Sample Science has a tasty freebie for us – Retro Cazio models the 1983 Casio Casiotone MT-100, for a very, very 80s drum kit, keys, and other instruments. Let’s revisit that source instrument.

Photo at top: CC-BY-SA ghostdad / double casio.

The MT-100 is pretty quintessential Casiotone, part of a generation of similar-sounding instruments all powered by the NEC D930/D931 chipset family.

And yeah, if you’re wondering if there’s some Casiotone history, indeed there is – including, finally, from Casio themselves, with a timeline accompanying their recent new release:

Casiotone history [Casio]

History of Casio Keyboards, Part II: 1984-1988

and Wikipedia has a surprisingly exhaustive model list.

Oddly, I think these instruments hold up better now than they did at release, just in that our ears have gradually adapted to thinking of chip instruments as distinct in quality rather than a replica of something else.

There were a lot of Casiotone variants, but the ’83 MT-100 is more or less the benchmark for its generation and the NEC D931C architecture. So in addition to a drum kit with various rhythm patterns – including Bossa Nova, of course – you get a variety of basic voice presets (see specs):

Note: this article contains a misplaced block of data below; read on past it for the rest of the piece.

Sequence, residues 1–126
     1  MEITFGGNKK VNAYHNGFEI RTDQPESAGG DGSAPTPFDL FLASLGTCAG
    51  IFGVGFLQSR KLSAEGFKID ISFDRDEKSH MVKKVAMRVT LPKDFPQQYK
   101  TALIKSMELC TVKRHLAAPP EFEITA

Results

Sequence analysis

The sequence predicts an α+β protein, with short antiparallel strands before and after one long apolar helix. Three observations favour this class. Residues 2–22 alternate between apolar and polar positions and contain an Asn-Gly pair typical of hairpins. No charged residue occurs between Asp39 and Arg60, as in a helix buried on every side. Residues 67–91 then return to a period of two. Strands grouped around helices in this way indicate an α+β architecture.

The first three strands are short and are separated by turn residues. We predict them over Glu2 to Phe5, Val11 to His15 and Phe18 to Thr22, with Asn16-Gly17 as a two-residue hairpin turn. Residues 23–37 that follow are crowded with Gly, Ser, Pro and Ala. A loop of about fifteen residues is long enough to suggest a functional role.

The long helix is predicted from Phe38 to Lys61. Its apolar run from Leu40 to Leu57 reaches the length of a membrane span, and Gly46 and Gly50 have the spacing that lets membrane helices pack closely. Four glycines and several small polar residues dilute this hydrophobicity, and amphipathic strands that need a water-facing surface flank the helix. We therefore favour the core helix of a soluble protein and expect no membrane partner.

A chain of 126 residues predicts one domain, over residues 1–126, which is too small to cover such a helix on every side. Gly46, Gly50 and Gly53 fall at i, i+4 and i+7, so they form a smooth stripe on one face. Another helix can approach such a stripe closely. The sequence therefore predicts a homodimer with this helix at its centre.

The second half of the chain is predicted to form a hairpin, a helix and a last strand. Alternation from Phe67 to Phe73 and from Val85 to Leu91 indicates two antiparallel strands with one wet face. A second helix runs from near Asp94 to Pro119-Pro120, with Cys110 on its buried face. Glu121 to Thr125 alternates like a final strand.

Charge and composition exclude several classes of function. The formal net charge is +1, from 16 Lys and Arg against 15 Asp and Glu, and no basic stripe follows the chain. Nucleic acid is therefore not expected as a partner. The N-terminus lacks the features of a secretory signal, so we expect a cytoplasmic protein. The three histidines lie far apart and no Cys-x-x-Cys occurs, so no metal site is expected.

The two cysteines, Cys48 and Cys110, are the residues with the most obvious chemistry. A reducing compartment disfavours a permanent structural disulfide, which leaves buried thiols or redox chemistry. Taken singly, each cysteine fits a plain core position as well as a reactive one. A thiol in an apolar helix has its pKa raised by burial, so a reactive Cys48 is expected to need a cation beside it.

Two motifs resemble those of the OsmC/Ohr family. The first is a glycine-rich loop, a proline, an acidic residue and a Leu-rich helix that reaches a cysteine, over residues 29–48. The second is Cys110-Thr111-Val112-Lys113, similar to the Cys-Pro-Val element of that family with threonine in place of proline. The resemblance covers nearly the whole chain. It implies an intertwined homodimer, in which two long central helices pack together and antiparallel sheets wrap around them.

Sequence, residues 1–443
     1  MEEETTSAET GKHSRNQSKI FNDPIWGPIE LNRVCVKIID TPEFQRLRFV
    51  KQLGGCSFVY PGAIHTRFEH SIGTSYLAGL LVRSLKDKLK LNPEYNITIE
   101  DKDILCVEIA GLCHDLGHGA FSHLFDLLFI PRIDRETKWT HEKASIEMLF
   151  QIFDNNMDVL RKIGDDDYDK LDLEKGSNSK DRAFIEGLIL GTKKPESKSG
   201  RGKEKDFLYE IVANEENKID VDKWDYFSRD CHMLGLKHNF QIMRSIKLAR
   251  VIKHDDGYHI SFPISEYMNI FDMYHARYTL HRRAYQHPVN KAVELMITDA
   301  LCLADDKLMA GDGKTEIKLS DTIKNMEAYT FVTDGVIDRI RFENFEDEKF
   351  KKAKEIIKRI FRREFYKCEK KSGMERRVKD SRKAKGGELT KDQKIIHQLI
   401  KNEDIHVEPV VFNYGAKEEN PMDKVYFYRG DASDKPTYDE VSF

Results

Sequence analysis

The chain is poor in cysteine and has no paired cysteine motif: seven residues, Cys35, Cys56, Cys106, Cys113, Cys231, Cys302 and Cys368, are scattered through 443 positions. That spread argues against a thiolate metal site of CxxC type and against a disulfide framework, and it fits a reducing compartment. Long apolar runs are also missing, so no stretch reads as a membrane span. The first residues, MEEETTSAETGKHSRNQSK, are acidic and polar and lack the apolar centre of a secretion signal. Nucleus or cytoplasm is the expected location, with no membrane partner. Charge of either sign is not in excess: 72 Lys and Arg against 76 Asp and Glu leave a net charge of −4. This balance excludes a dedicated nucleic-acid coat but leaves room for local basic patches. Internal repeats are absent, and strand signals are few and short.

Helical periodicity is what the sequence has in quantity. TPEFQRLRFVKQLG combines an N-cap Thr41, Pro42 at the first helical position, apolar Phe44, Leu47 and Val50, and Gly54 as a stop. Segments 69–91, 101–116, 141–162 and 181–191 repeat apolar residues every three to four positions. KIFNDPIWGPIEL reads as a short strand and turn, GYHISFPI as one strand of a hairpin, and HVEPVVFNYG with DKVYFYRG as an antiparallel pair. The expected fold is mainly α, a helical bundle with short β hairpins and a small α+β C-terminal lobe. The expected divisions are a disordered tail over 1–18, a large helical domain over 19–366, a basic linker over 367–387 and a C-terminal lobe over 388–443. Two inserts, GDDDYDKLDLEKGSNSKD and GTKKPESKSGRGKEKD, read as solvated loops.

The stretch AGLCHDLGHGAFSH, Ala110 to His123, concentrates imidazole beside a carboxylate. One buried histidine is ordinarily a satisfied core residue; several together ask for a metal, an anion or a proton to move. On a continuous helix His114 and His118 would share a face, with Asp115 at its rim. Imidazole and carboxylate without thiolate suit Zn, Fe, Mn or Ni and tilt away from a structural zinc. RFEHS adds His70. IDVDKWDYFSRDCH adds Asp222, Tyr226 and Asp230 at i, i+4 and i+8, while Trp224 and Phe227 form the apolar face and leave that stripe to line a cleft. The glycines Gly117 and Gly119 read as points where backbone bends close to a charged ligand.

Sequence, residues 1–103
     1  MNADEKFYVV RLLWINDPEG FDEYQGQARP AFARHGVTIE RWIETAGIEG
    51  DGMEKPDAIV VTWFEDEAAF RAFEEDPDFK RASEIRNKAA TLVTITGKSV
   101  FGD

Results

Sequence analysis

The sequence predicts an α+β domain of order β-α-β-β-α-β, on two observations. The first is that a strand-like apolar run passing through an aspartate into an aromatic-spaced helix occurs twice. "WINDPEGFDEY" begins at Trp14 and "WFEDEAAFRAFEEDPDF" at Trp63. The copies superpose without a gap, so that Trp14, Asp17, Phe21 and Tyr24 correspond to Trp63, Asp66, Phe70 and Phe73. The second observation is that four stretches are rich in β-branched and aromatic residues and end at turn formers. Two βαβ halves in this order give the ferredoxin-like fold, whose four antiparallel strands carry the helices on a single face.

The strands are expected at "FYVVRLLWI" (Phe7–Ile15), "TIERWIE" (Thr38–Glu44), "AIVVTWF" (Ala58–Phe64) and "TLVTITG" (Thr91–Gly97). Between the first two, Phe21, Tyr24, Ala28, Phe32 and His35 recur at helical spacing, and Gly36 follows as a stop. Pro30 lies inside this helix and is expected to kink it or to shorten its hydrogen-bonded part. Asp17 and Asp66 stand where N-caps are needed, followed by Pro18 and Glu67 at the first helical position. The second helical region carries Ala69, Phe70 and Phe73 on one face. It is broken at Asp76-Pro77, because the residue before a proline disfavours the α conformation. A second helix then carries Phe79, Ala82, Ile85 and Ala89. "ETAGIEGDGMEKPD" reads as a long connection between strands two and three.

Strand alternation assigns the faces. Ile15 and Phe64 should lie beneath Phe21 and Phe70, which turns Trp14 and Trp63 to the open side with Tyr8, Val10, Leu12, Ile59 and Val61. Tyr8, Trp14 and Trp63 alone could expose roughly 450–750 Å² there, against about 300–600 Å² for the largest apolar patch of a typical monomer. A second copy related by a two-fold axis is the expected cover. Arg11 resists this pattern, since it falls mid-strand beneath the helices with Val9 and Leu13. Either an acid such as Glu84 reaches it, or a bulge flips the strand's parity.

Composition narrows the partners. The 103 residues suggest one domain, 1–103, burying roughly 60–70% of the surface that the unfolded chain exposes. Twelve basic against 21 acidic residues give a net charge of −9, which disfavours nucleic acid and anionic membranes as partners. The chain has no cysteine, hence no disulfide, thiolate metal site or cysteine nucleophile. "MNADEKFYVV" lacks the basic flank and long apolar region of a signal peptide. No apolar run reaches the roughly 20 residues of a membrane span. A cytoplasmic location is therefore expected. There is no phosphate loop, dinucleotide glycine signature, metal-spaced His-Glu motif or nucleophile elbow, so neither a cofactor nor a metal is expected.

• Organ
  • Pipe Organ
  • Flute
  • Clarinet
  • Trumpet
  • Horn
  • Oboe
  • Accordion
  • Violin
  • Cello
  • Piano
  • Electric Piano
  • Harpsichord
  • Vibraphone
  • Celesta
  • Harp
  • Mandolin
  • Electric Guitar
  • Funny
  • Cosmic tone

Here’s the original in action:

(My first keyboard, by the way, was the 1987 MT-220 which had as a bonus PCM-based “Super Drums.”)

Now, the actual MT-100 hardware architecture (and that of its sibling the MT-65) is fascinating – the single chipset provides vibrato/delayed vibrato, sustain/reverb, and two envelope variations per voice.

The free recreation here actually then does less than a real MT-100, but you do get 20 high-quality samples of some of the better sounds – more like a curated greatest hits take on this – plus some modern features of Sample Science’s own creation (multi-LFO, highpass/lowpass filter, reverb, glide, amplitude range, and poly / legato / mono operation). The original had polyphonic operation, too.

But when you want that paper-thin 80s chippy drum sound or distinctive piano, this is an instant hit. And they have given it a pretty wide range of samples – a couple hundred megs’ worth. Mac, Windows, 64-bit VST, VST3, AU.

Plus the price is right – free:

And yeah, if you can get the hardware, you can indeed circuit bend it:

Or just use this plug-in to go lo-fi, like this fine person: